Re: NANFA-L-- Rampant Cottony Fungi
Thu, 01 Dec 2005 12:41:43 -0600

----- Original Message -----
Date: Thursday, December 1, 2005 11:26 am
Subject: Re: NANFA-L-- Rampant Cottony Fungi
> thanks for the advice guys...
> dave... in regards to your comment
> "Better tank health and prevention of injuries to the mucous coat
> are the
> only preventions." maybe i should add a full dose of stresscoat to
> the tank?
> this tank has generally always been healthy til now tho.
> geoff... if i check my medicine cabinet for old anitbiotic
> medications
> should i be able to read those words on the label as the active
> ingrediant?cephalexin (kelfex) and or amoxicillin?
> i will check tonight.
> i wonder how much salt my tank can take before it is detrimental
> to the
> plants? killing my plants would certainly make things worse. i
> consider them
> living filters.

Most of the commercial additives to promote the mucous coat are just
salt solution -- in some cases with a polymer included. I've had
results just as good with simply using salt. I'd go with
recommendations that fit the fish in the tank. I think that low pH and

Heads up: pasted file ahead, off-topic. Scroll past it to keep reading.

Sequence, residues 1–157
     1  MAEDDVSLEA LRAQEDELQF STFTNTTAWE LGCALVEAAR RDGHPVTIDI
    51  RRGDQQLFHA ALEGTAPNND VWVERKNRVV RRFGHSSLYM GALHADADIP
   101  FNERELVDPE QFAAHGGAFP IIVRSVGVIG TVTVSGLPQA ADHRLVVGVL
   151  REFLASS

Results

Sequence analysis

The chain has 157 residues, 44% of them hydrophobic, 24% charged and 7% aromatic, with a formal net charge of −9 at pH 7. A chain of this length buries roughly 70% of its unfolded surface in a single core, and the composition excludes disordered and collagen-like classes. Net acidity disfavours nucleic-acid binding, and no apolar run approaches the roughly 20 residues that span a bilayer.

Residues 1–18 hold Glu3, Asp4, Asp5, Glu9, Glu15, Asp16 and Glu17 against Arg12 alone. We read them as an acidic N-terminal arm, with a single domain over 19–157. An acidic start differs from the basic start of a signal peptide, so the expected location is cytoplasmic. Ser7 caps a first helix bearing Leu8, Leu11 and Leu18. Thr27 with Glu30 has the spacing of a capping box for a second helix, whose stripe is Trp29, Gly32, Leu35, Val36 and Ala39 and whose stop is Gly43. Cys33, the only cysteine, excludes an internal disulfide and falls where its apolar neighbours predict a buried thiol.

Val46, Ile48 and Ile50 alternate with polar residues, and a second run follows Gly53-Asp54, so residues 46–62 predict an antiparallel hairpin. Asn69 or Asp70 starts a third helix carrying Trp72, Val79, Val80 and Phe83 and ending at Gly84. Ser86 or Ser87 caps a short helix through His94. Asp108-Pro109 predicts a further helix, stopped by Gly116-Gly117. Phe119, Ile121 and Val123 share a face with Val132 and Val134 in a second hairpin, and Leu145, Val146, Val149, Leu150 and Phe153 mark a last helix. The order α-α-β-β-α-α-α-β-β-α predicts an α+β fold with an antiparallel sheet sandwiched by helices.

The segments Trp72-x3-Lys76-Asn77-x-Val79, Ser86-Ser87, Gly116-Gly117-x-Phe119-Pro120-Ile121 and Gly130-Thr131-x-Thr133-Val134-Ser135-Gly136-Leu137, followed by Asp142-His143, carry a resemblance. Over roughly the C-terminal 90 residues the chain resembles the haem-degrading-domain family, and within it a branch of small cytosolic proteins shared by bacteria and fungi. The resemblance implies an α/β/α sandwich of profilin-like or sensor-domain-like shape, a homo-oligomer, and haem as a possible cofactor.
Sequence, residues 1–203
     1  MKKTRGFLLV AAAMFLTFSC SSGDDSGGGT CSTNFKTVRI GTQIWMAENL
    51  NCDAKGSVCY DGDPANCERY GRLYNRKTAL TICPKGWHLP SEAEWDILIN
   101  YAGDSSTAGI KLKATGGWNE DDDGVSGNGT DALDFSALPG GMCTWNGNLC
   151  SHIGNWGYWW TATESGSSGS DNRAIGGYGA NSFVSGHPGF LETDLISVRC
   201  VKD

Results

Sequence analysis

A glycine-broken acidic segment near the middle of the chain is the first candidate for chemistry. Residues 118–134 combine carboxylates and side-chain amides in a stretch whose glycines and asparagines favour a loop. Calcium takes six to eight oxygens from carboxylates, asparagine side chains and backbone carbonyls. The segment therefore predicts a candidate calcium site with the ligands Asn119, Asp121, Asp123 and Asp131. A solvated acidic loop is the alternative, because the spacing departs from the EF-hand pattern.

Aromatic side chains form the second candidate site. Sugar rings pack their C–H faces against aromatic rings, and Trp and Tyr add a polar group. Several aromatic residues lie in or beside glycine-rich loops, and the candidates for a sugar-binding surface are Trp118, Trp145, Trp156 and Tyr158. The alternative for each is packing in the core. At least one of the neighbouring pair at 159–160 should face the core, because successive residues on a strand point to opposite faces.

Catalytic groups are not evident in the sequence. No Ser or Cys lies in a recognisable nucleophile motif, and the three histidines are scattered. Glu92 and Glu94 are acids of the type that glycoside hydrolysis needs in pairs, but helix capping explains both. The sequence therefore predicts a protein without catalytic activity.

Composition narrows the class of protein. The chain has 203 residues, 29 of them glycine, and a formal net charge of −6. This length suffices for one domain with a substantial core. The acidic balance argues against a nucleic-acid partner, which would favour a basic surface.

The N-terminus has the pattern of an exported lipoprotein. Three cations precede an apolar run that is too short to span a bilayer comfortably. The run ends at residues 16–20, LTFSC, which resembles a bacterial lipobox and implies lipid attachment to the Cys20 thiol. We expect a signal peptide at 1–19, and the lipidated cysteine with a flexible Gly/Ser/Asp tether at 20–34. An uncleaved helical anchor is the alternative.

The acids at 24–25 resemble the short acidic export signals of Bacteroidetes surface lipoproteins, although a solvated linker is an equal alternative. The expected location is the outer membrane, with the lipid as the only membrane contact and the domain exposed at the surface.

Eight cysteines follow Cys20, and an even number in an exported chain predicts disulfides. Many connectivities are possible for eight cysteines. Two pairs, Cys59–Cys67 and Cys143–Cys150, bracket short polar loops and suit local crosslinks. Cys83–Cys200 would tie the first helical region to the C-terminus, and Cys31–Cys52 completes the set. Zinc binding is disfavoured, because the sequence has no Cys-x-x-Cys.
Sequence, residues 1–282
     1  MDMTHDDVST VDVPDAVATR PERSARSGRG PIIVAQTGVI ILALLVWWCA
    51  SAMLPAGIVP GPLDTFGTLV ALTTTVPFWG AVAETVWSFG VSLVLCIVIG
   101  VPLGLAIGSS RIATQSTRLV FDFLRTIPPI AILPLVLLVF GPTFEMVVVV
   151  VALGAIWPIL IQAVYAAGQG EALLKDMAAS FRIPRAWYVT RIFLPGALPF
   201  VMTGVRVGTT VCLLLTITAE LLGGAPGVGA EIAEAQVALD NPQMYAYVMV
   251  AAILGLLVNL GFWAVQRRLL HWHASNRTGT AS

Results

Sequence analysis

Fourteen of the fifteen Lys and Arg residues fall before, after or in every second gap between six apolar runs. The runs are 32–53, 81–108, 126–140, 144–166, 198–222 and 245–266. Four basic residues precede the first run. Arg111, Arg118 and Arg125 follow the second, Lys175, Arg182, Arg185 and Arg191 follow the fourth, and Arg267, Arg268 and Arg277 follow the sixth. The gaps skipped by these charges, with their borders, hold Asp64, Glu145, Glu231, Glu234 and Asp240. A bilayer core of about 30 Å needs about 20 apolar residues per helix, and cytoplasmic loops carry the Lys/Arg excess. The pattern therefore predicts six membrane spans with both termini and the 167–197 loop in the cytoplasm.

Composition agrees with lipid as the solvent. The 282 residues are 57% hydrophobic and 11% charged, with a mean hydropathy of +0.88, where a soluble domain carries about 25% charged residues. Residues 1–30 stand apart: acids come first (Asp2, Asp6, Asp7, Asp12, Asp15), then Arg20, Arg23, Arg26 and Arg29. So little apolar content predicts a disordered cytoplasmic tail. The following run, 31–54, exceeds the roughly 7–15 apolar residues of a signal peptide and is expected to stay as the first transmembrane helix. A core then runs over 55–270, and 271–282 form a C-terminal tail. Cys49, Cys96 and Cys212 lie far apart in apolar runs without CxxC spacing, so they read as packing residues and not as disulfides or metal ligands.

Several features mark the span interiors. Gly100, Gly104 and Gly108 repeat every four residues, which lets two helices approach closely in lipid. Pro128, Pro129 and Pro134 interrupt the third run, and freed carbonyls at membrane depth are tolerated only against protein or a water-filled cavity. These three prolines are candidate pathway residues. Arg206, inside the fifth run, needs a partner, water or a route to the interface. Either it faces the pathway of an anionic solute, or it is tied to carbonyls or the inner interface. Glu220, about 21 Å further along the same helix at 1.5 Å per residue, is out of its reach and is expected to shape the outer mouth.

soft water favor Saprolegnia infections, as they erode the mucous coat
on some fish. However, some of the fish you mention are soft water
fish, and live in natural waters with lots of decaying vegetation. pH
control might be called for. That can be done temporarily by adding
KOH, but long term requires good maintenance such as water changes,
monitoring pH, and adjusting with a buffer.

I'm dubious of using antibiotics generally, though I have resorted to
doing so on occasion. With research fish, one usually just has to
sacrifice sick animals so as to maintain proper control, anyway
(animals which have been infected are not equivalent to animals which
have not). But antibiotics have some serious undesirable effects,
including ending up in natural waters or soils, and generally promoting
antibiotic resistance.

Casper, I agree that it sounds like you have overloaded the tank, and
fish stressed by poor water quality and low DO are more likely to
become infected, especially if they've scratched or been beaten up.


David L. McNeely, Ph.D., Professor of Biology
Langston University; P.O. Box 1500
Langston, OK 73050; email:
telephone: (405) 466-6025; fax: 405) 466-3307
home page

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